Program Overview

The Professional Science Master’s degree in Industrial and Applied Mathematics is a career-oriented degree designed to meet the needs of working professionals and prepare individuals to demonstrate advanced knowledge of mathematics and statistical techniques for business and industry. 

Industrial and applied mathematics focus on topics, problems and questions in business environments and industry that require modeling, data analysis and computation skills. A successful industrial mathematician has strong analytical and problem-solving skills built upon a background in computing, mathematics, statistics and basic science. The curriculum will include a common core of 18 credits of coursework in advanced topics in mathematics, statistics, and, to an extent, computer science.  

Program Objectives

At program completion, graduates of the program will be able to:

  • Demonstrate advanced knowledge in mathematics, statistics, and scientific computing.
  • Apply advanced mathematics, statistics, and computer science skills to answer questions and solve problems in business and industry.
  • Analyze data and create mathematical and statistical models to answer questions and solve problems in business and industry.
  • Work as a member of an effective interdisciplinary team.
  • Use effective professional communications skills, such as effective writing skills and oral presentation skills, in scientific and non-scientific environments.



The program requires 35 graduate credits including: 

  • 18 credits of coursework in advanced topics in mathematics, statistics, and computer science
  • At least 9 credits in elective areas such as Cybersecurity, Data Mining and Cryptography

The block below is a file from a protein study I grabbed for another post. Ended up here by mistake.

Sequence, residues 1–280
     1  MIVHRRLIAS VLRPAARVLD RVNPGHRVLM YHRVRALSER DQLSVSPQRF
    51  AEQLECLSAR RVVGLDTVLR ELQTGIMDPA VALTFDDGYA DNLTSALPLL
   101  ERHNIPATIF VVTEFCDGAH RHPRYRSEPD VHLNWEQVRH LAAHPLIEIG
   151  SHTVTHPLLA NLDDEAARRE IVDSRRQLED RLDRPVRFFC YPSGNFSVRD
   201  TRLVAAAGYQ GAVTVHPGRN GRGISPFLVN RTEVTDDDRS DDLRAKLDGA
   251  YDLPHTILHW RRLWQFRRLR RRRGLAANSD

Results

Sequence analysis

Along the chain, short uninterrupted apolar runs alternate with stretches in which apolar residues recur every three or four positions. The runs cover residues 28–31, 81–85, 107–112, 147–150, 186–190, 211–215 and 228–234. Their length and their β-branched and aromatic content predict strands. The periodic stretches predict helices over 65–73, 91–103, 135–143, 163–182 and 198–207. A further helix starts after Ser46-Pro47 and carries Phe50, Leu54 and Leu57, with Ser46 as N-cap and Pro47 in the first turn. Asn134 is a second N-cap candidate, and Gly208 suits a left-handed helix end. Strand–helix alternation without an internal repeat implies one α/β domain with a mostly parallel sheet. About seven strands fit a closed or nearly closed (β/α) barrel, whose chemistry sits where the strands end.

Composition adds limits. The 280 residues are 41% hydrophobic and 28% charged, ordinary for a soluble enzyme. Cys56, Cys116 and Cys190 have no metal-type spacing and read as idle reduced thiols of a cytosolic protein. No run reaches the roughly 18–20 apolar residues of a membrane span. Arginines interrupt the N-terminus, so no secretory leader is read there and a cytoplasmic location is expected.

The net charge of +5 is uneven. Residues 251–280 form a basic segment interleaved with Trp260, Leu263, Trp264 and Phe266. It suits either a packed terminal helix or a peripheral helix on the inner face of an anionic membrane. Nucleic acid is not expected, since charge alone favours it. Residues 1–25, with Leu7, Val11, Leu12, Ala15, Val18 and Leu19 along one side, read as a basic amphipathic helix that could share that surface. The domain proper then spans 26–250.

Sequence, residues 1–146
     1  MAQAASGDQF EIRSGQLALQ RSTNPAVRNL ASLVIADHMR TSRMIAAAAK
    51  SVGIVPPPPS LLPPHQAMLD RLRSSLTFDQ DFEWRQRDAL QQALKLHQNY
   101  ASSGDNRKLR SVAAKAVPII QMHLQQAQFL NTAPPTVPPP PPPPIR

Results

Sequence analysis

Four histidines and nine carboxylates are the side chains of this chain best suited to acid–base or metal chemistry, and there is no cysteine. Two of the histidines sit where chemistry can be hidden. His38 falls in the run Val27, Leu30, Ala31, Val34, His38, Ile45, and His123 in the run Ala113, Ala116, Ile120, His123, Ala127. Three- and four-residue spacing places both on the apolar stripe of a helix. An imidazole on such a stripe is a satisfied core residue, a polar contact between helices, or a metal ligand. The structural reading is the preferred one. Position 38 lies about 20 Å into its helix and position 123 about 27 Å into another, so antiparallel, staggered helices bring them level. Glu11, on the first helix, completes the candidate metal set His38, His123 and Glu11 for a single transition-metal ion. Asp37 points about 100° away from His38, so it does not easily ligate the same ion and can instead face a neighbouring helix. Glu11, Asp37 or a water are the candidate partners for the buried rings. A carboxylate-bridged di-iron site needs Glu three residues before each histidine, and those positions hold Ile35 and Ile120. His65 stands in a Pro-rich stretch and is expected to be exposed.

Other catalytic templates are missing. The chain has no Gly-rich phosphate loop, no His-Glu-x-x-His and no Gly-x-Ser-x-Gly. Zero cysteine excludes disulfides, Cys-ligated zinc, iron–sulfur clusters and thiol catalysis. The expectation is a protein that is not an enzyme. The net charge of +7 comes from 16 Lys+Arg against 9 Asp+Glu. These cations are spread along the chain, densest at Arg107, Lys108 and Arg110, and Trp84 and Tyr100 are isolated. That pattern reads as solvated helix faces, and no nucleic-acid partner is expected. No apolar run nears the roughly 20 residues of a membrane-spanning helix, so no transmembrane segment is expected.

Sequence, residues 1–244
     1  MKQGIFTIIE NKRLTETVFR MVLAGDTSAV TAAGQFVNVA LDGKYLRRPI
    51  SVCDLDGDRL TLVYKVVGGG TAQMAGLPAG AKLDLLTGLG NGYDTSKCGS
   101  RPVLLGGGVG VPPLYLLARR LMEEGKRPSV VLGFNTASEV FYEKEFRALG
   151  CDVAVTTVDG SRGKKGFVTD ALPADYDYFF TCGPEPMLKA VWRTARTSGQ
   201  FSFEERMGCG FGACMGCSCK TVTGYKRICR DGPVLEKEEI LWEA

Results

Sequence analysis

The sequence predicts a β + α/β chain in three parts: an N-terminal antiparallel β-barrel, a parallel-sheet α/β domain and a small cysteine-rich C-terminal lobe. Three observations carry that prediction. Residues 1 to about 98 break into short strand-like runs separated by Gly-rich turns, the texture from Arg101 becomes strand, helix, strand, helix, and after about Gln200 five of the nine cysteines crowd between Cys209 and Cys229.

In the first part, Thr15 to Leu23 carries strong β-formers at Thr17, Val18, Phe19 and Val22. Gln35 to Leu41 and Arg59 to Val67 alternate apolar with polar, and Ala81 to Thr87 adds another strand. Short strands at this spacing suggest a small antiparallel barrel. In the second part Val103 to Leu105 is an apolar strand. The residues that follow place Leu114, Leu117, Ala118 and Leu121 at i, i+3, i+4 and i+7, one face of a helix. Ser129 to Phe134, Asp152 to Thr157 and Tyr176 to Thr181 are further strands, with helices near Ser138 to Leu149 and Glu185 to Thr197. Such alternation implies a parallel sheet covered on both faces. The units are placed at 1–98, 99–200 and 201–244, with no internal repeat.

• A 6 credit, two course industry-based project experience
  • 2 credits of specified business courses

The industry-based project experience will require students to work as part of a team to solve a problem from industry over a two-semester period. Students will need to understand the problem, design a solution plan based on research, carry out that plan, and present their solution in written and verbal form to the industry partner. 

Core Courses

  • Industrial Mathematics
  • Algebraic Structures
  • Advanced Linear Modeling 
  • Methods in Applied Mathematics
  • Scientific Computing
  • Multivariate Analysis

Entrance Requirements

To be admitted with full status to the program, you must:

  • Be interested in developing advanced technological solutions to industrial needs and problems
  • Hold a bachelor’s degree in mathematics
    Hold a bachelor’s degree in science, engineering or finance/economic with advanced mathematics coursework
  • Have earned an undergraduate GPA of at least 3.0


Required Application Materials

Submit the following items:

  • Graduate School Application 
  • Transcripts

Collaborative Nature of the Program

The P.S.M. in Industrial and Applied Mathematics has been designed for on-campus delivery, but the opportunity to offer a few courses online opens up the possibility for collaboration with compatible P.S.M. programs nationwide. Opportunities exist to collaborate on projects with students from UW-Milwaukee.

Faculty will collaborate with the UW-Stout Discovery Center to manage student projects, interact with industry, and assess the quality of the projects. Students will have the opportunity to be involved in outreach activities to industry through the Discovery Center

Request More Information

Broaden your horizons and utilize your mathematics skills

UW-Stout's P.S.M. degree in Industrial and Applied Mathematics will prepare you to solve real world problems.

USDLA Certification

USDLA-Quality Standards logo

UW-Stout is proud to be the first university in Wisconsin to be certified for excellence in distance education practices.

“The Professional Science Masters (PSM) degree is an innovative graduate degree, a response by higher education to address the need for highly skilled scientists and mathematicians who also have developed skills in business, technology transfer, regulatory affairs, information technology and/or communications. In today’s work world, this type of cross-training across academic disciplines is highly marketable and desired by employers." 

National Conference of State Legislatures